Human Procession, Newark Advocate, January 2, 1914
Every profession has its dean, and Mr. F. Opper does the deaning for American cartoonists. The benign and benevolent appearing gentleman – he is all of that, which proves that looks are often deceitful – has known fifty-seven varieties of annums, having been born at Madison, Lake county, Ohio, fifty-seven years ago today, January 2, 1857. His full name is Frederick Burr Opper, but he signs his work simply “F. Opper.”
Mr. Opper’s alma mater was an Ohio village school. At fourteen he left that institution to take a post-graduate course in a county newspaper office. He had decided that newspaper work offered the shortest path to fame and fortune, and while this would indicate that Freddie wasn’t a very bright lad, it must be remembered that he was only a poor country boy. At school, and while acting as devil in the rural newspaper office, Opper was very fond of drawing, and even at that tender age he made caricatures of local people. It is understood that the subjects of these sketches were no more pleased with them than Mr. Bryan, Mr. Root, Mr. Archbold, and other worthy gentlemen who have since felt the sting of the Opper lash.
After a year in the newspaper office, Mr. Opper decided to go out into the great world. If he had been an ordinary lad he would have chosen Cincinnati or Cleveland or Columbus or Canton, or some other Buckeye state city beginning with C, as the One of his operations. But, no. Nothing less than New York would do for Freddie Opper. For a time he kept the pot boiling by working in a store, drawing display cards and doubling as a salesman. It was only a little while, however, until he placed several sketches with several New York comic papers, including the “Phunny Phellow” and “Wild Oats.” This work attracted the attention of Frank Leslie, who gave the youthful artist a regular job on Leslie’s Weekly. After three years with that publication he went to Puck. For eighteen years his work appeared weekly in Puck, but in 1899 he accepted an offer from Mr. Hearst, and has been with the Hearst publications ever since. His work now appears regularly in all of the Hearst papers and in scores of others.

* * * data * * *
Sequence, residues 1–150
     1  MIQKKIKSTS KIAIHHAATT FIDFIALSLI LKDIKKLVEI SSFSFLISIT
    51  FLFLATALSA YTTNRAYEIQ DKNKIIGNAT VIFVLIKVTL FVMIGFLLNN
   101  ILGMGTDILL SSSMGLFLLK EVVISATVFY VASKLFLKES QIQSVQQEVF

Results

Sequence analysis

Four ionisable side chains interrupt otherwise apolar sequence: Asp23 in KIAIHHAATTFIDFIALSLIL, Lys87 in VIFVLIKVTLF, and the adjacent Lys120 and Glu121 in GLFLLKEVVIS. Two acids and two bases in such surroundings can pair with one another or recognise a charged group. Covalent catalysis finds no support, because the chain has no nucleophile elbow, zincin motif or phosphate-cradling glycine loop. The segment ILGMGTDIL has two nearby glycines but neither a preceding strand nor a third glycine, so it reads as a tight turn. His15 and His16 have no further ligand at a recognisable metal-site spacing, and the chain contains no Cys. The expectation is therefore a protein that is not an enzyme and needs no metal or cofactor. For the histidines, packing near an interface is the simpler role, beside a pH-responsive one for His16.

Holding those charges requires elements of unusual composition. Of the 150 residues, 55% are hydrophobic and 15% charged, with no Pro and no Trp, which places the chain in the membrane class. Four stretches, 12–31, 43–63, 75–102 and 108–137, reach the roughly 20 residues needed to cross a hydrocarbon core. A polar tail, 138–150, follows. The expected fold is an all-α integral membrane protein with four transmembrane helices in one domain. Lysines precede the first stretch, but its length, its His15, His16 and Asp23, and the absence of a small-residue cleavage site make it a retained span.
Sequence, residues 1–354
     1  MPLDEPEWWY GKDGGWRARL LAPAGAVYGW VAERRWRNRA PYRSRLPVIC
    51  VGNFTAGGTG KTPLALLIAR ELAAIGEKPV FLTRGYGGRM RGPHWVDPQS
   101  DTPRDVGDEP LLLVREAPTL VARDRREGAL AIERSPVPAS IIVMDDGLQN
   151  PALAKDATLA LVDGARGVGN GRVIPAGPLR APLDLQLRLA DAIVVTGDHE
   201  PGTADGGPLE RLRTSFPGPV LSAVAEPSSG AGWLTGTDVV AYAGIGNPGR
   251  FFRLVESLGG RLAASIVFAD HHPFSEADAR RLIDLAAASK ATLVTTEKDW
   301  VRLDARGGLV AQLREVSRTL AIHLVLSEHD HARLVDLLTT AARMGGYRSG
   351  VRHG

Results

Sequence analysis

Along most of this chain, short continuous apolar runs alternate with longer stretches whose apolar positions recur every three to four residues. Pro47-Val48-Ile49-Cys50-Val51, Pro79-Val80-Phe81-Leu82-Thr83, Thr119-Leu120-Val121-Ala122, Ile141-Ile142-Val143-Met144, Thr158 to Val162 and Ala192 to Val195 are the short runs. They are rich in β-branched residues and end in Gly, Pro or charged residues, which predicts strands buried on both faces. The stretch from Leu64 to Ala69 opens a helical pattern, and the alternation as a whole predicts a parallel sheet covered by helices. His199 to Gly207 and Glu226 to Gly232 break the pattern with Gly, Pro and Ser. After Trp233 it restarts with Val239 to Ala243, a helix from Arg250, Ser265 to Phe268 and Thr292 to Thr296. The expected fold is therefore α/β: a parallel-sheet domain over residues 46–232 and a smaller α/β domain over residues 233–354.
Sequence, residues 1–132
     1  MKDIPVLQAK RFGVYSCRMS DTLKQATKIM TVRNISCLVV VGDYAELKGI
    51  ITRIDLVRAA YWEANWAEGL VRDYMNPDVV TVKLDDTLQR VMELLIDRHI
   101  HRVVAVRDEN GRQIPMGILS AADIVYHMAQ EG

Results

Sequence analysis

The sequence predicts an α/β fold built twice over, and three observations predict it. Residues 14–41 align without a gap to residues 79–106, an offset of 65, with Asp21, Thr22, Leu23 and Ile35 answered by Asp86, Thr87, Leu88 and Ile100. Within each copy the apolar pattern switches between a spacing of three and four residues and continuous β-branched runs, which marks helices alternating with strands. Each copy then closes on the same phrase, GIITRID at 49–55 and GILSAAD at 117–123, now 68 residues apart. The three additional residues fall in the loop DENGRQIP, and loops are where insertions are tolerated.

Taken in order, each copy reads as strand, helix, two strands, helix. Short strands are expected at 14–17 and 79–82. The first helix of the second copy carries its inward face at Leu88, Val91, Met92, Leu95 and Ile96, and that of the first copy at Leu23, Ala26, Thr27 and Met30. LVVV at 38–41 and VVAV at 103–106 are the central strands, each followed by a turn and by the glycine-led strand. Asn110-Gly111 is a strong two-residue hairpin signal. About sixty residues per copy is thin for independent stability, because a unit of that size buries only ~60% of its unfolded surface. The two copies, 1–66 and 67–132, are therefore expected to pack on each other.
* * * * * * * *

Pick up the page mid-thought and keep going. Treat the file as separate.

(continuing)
In addition to the newspaper work, Mr. Opper has illustrated books for Mark Twain, Bill Nye, George V. Hobart, and Finley Peter Dunne. Among his best known cartoon series are “Happy Hooligan,” “Maude,” “Alphonse and Gaston,” “John Bull,” “Willie and his Papa,” and “The Cruise of the Piffle.” “Uncle Trusty” and “the Common People” are well-known figures in Mr. Opper’s cartoons.